Phantom voltage, probably
You're saying all your loads died completely (not dimmed, died) and that your inexpensive digital DVM is reading 80 volts open-circuit on the disconnected wires?
That's "phantom voltage" caused by the way inexpensive DVMs work. It should be treated as 0 volts. If you doubt that, go ahead and connect it to a load (you know, like that subpanel right there) and put any load on it - even an old incandescent "night light" will suffice. Does the voltage go away? Phantom voltage. It's caused by capacitive coupling between the wires and has no strength - not even enough strength to move the needle on an analog meter. It is caused when an entirely disconnected wire runs alongside a hot wire for some distance.
So, this suggests a connection problem at the origin (house end) of the feeder, or an intermediate splice. A common mistake is to fail to torque the lugs to the specification called out on the breaker or panel label. Another common mistake is to use a wrong-brand breaker under the misconception that all 1" breakers are compatible. They are not - bus stabs vary enough that the wrong one will arc and burn up the bus stab.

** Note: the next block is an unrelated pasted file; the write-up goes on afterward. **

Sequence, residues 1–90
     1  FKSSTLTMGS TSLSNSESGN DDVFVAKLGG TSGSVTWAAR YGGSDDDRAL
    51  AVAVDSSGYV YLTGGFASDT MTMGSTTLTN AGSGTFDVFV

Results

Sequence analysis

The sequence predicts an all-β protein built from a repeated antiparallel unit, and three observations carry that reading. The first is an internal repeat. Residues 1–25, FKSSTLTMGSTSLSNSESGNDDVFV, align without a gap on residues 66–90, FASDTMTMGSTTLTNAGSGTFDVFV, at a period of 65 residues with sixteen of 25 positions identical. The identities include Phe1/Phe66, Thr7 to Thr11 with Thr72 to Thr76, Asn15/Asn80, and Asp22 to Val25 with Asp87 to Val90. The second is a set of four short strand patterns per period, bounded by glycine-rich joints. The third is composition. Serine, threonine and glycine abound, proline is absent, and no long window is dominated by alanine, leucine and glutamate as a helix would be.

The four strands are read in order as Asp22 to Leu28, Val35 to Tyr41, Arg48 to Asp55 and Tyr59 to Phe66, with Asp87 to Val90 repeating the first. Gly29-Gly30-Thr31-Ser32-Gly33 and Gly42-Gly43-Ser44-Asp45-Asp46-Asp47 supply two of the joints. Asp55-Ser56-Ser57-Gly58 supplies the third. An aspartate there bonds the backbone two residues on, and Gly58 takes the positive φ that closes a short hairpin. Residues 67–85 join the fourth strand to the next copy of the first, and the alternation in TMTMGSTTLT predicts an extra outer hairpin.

Failures of a wire enroute are exceedingly rare - rarer still if the cable was buried in conduit or direct-buried at proper depth and surrounded by fine material to avoid rock penetration.
3-wire feeders, though
Note that a newer installation requires 4-wire feeder from the main panel - hot, hot, neutral and ground as a wire. Many people get confused and think a ground rod "is the same thing" - no, it is not; it serves a completely different purpose and cannot serve the purpose of a ground wire.
If the installation is old enough that a 3-wire connection is legal, then ground needs to be bonded to neutral in the panel so that at least, neutral can attempt to serve the role of the ground wire. However, this is not particularly safe. While we were banning it, Britain permitted it, and they are now getting taken to school on why it's a bad idea. Note that the failure which causes all the problems is the exact failure you're having right now, except on a neutral instead of a hot. So not "rare" at all.
The other thing is that if any metallic utilities (metal water line; gas line; cable TV etc.) are running between the buildings, the 4th ground wire was mandatory even before 3-wire was outlawed here. That's because you're getting a 4th wire via that other utility, and that means lots and lots of galvanic corrosion on that other utility, or current for which it is not rated.